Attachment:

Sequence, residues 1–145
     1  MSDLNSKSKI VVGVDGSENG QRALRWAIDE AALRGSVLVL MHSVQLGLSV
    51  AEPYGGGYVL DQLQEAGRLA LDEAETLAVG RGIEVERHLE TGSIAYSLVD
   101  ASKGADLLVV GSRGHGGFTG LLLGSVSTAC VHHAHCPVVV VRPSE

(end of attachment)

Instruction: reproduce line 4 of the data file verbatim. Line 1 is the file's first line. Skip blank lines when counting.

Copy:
   101  ASKGADLLVV GSRGHGGFTG LLLGSVSTAC VHHAHCPVVV VRPSE